Originally, Pueblo men didn't wear much clothing-- only breechcloths or short kilts. Pueblo women wore knee-length cotton dresses called mantas. A manta fastened at a woman's right shoulder, leaving her left shoulder bare. Missionaries didn't think this dress style was modest enough, so in the 1900's many Pueblo women started wearing blouses or shifts underneath their mantas. This style is still in use today. Men and women both wore deerskin moccasins on their feet. For dances and special occasions, women painted their moccasins white and wrapped white strips of deerskin called puttee around their shins as leggings. Here is a site with photographs of Pueblo clothing styles, and some photos and links about Indian clothing in general.

The Pueblos did not traditionally wear headdresses like the Sioux. Pueblo men usually wore cloth headbands tied around their foreheads instead. For special ceremonies, Pueblo dancers sometimes wore painted masks or crowns of feathers. Both men and women wore their hair gathered into a figure-eight shaped bun called a chongo, but some Pueblo men preferred to cut their hair to shoulder length. Except for certain religious ceremonies, the Pueblos didn't paint their faces or bodies. But they are famous for their beautiful silver and turquoise ornaments, particularly their elaborate necklaces.

Today, many Pueblo people still wear moccasins or mantas, but they wear modern clothes like jeans instead of breechcloths... and they only wear puttee or kilts on special occasions like a dance.

What was Pueblo transportation like in the days before cars? Did they paddle canoes?
No--the Pueblo Indians weren't coastal people, and rarely traveled by river. Originally they just walked. There were no horses in North America until colonists brought them over from Europe, so the Pueblos used dogs pulling travois (a kind of drag sled) to help them carry heavy loads. Here's a website with travois pictures. Once Europeans brought horses to America, the Pueblo Indians could travel more quickly than before.

What was Pueblo food like in the days before supermarkets?
The Pueblo Indians were expert farming people. They raised crops of corn, beans, squash, and sunflowers, as well as cotton and tobacco. Pueblo men also hunted deer, antelope, and small game, while women gathered nuts, fruits, and herbs. Favorite Pueblo recipes included hominy, popcorn, baked beans, soups, and different types of cornbread. Here is a website with more information about the agriculture of Native Americans.

What were Pueblo weapons and tools like in the past?
Pueblo hunters used bows and arrows. In war, Pueblo men fired their bows or fought with spears and war clubs. Here is a website with pictures of Indian weapons. Pueblo tools included wooden hoes and rakes for farming, spindles and looms for weaving cotton (and later wool), and pump drills for boring holes in shell and turquoise beads.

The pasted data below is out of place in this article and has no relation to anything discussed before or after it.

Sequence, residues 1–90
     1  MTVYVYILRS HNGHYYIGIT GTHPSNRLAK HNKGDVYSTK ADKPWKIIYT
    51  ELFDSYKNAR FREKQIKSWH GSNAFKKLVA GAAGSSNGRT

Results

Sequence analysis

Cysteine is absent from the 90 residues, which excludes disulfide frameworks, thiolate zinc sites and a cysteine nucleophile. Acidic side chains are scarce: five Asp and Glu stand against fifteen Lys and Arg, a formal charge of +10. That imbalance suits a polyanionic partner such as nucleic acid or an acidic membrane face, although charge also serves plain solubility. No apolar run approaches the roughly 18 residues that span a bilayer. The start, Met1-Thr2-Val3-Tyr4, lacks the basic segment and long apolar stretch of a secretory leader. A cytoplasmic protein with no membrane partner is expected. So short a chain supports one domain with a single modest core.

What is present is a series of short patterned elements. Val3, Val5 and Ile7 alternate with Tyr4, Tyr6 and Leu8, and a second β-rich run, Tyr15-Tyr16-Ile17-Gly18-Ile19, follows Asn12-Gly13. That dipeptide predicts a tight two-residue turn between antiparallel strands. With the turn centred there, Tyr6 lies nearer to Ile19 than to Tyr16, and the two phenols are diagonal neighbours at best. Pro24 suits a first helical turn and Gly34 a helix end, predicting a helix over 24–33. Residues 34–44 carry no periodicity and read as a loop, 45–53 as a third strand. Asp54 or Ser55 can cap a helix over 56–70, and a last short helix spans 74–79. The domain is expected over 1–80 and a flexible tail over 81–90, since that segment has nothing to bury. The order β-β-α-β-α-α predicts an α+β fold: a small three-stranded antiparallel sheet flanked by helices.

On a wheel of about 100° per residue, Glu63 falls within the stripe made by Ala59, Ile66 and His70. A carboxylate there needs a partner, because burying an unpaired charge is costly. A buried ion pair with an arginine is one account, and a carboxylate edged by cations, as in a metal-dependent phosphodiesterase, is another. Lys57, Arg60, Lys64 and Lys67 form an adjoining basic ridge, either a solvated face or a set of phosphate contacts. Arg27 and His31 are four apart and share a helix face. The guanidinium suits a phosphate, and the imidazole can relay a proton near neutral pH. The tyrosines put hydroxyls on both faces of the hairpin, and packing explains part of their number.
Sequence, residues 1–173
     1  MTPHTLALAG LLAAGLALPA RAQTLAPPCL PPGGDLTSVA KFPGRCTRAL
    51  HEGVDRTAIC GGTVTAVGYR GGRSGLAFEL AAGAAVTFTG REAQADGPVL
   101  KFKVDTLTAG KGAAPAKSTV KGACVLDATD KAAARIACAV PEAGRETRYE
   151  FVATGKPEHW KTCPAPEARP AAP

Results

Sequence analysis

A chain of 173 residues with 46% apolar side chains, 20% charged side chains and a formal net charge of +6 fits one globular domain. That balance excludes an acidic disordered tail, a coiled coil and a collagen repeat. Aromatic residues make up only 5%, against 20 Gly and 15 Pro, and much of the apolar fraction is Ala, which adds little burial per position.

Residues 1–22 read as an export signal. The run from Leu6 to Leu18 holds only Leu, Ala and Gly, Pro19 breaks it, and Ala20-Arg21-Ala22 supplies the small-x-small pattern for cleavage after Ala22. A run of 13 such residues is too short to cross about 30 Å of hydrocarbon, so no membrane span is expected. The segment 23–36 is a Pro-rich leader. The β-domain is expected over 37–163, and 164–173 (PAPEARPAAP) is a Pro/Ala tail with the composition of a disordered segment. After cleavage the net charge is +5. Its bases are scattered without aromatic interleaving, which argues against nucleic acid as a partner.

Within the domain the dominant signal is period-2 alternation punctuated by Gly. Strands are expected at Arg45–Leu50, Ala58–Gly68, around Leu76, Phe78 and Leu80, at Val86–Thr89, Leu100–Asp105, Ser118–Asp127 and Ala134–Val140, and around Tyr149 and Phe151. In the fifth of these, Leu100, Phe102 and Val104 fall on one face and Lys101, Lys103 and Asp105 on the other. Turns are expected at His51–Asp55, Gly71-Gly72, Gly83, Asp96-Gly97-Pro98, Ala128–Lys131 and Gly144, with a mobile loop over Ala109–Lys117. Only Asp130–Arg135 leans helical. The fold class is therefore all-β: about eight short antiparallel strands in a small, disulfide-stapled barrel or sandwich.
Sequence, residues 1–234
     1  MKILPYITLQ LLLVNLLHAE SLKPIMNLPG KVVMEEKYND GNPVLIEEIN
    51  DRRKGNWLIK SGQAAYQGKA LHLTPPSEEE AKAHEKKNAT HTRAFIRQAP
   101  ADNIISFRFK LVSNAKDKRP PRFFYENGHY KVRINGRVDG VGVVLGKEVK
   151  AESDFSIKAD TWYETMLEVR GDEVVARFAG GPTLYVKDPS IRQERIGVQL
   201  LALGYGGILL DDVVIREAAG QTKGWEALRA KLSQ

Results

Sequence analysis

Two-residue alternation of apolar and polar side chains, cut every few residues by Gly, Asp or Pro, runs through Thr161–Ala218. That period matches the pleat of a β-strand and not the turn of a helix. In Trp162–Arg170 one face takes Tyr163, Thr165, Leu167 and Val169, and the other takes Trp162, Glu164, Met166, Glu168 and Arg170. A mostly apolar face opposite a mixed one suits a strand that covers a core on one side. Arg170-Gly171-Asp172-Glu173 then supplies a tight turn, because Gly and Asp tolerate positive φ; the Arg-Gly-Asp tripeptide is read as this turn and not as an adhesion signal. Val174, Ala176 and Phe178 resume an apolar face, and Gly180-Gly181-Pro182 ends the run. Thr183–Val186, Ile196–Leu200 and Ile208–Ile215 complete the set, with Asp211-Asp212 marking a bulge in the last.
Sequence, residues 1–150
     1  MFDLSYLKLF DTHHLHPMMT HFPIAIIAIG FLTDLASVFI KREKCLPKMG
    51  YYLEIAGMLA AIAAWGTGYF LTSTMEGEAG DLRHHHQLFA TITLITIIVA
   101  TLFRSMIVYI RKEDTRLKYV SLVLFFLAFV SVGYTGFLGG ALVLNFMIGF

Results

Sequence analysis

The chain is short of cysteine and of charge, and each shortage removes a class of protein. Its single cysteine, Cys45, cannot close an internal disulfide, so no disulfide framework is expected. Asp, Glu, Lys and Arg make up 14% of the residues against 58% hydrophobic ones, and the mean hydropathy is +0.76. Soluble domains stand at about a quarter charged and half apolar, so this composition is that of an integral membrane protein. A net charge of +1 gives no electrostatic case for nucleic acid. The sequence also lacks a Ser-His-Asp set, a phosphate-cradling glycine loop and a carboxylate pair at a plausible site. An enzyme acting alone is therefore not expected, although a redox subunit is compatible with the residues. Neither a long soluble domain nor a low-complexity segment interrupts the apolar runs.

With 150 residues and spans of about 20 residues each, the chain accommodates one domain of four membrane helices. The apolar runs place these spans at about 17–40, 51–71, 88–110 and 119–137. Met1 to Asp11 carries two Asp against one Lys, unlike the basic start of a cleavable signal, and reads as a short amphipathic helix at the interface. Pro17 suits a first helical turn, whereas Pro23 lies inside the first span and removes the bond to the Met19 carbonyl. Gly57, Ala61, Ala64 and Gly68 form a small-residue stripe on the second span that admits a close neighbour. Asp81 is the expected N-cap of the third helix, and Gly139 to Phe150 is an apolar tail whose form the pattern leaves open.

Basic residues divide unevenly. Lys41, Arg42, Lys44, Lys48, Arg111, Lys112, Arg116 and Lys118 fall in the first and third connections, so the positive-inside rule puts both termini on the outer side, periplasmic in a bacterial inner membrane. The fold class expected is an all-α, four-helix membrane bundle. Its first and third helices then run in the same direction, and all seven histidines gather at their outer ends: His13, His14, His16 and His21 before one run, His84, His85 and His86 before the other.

What other Native Americans did the Pueblo tribe interact with?
The Zunis traded extensively with other tribes of the Southwest. Pueblo trade routes reached into Mexico and to the California coast, supplying Pueblo craftsmen with shells, coral, and turquoise for their jewelry. The Navajos and Comanches were favorite trading partners, though they often fought with each other as well. Other enemies of the Pueblo tribes included the Apache and Utetribes, who frequently raided their territory, and the Spanish, who forced many Pueblo Indians into slavery and violently suppressed their religion.

What are Pueblo arts and crafts like?
Pueblo artists are famous for their beautiful pottery and heishi jewelry. They also made stone carvings, baskets, and colorful weavings. All of these art forms are still flourishing today. Here is a good site on the art of Pueblo pottery.

What kinds of stories do the Pueblos tell?
There are lots of traditional Pueblo legends and fairy tales. Storytelling is very important to the Pueblo Indian culture. Here is a Cochiti Pueblo story about a custody fight between Crow and Hawk. Here's a website where you can read more about Pueblo mythology.

What about Pueblo religion?
Sorry, but we cannot help you with religious information. Religions are too complicated and culturally sensitive to describe appropriately in only a few simple sentences, and we strongly want to avoid misleading anybody. You can visit this site to learn more about the Keres Pueblo religion or this site about Indian religions in general.

Can you recommend a good book for me to read?
You may enjoy Pueblo Stories and Storytellers, which is a nice collection of Cochiti Pueblo legends and artwork. Younger children may like The Boy Who Made Dragonfly, a picture book of a traditional Zuni Pueblo myth. Children of Clay is an illustrated biography of a modern Santa Clara Pueblo girl which makes a great introduction to Pueblo life today. If you want to know more about Pueblo culture and history, two good books are The Pueblo Native Americans and First Americans: The Pueblo. You can also browse through our reading list of recommended American Indian books in general.

How do I cite your website in my bibliography?
You will need to ask your teacher for the format he or she wants you to use. The authors' names are Laura Redish and Orrin Lewis and the title of our site is Native Languages of the Americas. We are a nonprofit educational organization working to preserve and protect Native American languages and culture. You can learn more about our organization here. Our website was first created in 1998 and last updated in 2013.

Thanks for your interest in the Pueblo Indian people and their languages!

Learn More About The Pueblos

Pueblo Indian Tribe
An overview of the Pueblo people, their language and history.

Pueblo Language Resources
Pueblo language samples, articles, and indexed links.

Pueblo Culture and History Directory
Related links about the Pueblo tribe past and present.

Tewa Pueblo Words
Pueblo Indian vocabulary lists.



Return to our Native American Indian websites
Return to our menu of North American Indian tribes

Native Languages

Native American ancestry * Indian names * Indian tattoo

Would you like to help support our organization's work with endangered American Indian languages?



Native Languages of the Americas website 1998-2014 * Contacts and FAQ page